Against the backdrop of the frequent collapse of the national grid, a Professor of Electrical Engineering at the University of Nigeria, Emenike Ejiogu, has called on the Nigerian government to liberalise the generation and distribution of electricity through the gasification technology.
Prof Ejiogu made the proposition on Thursday, September 21, 2023, when he delivered the 190th Inaugural Lecture of the University of Nigeria, Nsukka, titled: “My Engineering Odyssey: Energy Security, Energy Sustainability and Bringing Power to the People”.
He said that the gasification technology, which converts municipal and agricultural organic wastes to energy, presents a viable option to give Nigerians clean and affordable energy.
Ejiogu, who doubles as Dean, Faculty of Engineering and Director, Africa Centre of Excellence for Sustainable Power and Energy Development (ACE-SPED), said that the gasification technology has the potential to inject over 6000MW of electricity into the Nigerian economy within a short period of time.
He said that a study carried out by his team to assess the waste to energy generation potential of Uyo and its environs showed that the city had enough waste to generate about 20MW of electric power. He argued that a replication of similar potentials in 300 localities in Nigeria would ensure a rapid injection of 6000MW of electricity into the economy.
“With 6000MW of electric energy available by distributed generation all over Nigeria, we would really have given power to the people,” Ejiogu said.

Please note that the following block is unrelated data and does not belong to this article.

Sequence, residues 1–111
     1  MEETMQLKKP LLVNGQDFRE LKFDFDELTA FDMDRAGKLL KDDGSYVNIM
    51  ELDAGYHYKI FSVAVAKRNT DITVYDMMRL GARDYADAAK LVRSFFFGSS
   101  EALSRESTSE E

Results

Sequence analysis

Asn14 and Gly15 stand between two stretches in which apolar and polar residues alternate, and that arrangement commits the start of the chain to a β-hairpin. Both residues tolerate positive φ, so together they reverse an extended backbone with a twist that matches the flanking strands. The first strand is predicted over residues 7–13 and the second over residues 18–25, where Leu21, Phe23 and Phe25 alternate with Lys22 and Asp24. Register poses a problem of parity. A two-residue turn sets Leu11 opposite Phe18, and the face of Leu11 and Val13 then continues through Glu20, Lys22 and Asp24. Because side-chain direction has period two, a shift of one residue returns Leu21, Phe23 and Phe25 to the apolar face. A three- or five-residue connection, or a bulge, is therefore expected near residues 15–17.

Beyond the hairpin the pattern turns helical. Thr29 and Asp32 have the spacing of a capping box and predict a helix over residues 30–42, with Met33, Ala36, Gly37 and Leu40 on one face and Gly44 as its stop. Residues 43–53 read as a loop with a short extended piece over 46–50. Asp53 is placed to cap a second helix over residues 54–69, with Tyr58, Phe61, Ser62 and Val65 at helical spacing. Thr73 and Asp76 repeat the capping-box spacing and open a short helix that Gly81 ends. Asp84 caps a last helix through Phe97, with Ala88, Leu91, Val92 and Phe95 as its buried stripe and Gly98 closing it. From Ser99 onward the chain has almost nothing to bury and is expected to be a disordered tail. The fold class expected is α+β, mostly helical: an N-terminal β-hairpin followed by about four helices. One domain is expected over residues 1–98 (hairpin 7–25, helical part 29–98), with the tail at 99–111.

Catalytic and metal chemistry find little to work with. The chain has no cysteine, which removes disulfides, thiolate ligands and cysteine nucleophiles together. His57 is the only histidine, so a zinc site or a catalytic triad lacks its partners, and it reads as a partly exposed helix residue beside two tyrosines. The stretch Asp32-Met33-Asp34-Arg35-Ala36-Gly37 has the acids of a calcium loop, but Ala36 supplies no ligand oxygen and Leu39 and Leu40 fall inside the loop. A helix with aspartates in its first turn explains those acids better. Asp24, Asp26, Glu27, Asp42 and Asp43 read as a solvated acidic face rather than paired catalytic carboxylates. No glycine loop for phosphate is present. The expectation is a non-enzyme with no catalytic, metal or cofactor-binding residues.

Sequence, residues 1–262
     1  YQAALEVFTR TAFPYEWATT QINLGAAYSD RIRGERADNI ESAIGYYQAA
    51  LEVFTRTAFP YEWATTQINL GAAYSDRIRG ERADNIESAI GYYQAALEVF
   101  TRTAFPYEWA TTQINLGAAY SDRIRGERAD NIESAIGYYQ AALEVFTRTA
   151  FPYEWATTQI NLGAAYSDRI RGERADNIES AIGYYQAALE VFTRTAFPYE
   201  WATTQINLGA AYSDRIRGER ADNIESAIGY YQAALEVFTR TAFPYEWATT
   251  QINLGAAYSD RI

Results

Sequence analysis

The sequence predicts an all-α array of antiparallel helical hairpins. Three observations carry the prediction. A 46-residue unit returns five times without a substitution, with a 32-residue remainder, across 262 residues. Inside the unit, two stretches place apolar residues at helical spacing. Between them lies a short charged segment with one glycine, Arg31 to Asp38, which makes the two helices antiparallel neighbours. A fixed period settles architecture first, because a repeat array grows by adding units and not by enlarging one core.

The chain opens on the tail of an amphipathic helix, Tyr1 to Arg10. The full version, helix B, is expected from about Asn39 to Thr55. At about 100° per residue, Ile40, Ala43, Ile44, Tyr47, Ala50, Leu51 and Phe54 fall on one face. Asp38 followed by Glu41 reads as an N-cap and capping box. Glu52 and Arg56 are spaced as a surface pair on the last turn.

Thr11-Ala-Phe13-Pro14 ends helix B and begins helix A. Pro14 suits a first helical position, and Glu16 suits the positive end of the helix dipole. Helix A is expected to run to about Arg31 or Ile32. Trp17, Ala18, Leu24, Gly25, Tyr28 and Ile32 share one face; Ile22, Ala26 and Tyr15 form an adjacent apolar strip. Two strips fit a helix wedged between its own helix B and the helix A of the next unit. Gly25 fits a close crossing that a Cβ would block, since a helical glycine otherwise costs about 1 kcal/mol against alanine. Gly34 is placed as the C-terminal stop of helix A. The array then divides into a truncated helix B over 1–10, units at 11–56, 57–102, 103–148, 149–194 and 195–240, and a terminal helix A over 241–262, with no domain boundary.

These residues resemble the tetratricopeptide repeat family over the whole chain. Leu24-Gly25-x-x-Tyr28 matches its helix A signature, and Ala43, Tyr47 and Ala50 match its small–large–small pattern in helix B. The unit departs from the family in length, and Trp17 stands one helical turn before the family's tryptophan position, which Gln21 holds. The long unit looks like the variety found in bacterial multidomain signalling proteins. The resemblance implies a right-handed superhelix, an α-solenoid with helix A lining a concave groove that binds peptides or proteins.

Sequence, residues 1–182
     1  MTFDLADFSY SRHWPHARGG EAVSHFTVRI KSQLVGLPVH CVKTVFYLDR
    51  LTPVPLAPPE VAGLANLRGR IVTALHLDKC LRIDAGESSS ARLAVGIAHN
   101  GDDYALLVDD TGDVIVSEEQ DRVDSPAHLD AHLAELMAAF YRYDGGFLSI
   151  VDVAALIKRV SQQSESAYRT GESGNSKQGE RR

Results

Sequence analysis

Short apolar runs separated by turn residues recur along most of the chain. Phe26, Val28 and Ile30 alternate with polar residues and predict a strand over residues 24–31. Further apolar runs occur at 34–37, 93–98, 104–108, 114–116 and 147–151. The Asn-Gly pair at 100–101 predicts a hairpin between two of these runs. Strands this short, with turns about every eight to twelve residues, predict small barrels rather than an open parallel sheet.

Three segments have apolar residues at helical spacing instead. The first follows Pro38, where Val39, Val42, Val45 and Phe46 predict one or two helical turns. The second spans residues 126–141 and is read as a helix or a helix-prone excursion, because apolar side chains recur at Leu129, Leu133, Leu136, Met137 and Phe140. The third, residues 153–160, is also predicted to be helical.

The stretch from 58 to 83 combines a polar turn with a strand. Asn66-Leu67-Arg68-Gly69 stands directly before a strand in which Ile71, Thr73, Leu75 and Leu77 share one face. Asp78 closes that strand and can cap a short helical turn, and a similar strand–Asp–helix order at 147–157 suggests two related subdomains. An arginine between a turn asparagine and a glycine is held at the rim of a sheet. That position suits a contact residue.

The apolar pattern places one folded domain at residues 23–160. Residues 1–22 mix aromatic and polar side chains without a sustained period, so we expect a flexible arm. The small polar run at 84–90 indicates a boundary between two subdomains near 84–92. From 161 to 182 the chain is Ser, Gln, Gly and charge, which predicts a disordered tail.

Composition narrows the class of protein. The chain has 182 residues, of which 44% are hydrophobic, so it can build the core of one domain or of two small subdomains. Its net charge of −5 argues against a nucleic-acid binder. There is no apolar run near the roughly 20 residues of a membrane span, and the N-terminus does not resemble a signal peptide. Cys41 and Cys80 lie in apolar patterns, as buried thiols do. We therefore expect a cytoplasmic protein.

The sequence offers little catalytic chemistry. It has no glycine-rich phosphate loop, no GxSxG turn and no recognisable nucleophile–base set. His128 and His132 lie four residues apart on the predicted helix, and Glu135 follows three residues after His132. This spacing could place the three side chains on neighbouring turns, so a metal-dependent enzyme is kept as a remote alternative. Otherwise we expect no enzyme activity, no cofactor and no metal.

He argued that the waste-to-energy generation system presents a triple advantage to Nigeria as it could provide electricity, clean up the environment, and create many waste management value chain jobs.
The don said that the time was ripe for Nigeria to utilise available technologies to harness its energy potentials and decentralise power generation to the people instead of holding on to the epileptic national grid system which throws the country into darkness whenever it collapses.
He said that his team has been experimenting with the gasification technology to provide electricity at his residence, the Faculty of Engineering and the administrative office of the University of Nigeria, Nsukka.
“I can tell you that it is one of the low-hanging technologies; it is four times cheaper than the solar energy,” he said.
The Professor said that his research group has also designed a bioreactor that could transform waste vegetable oils into clean biodiesel at a competitive cost of N500 per litre.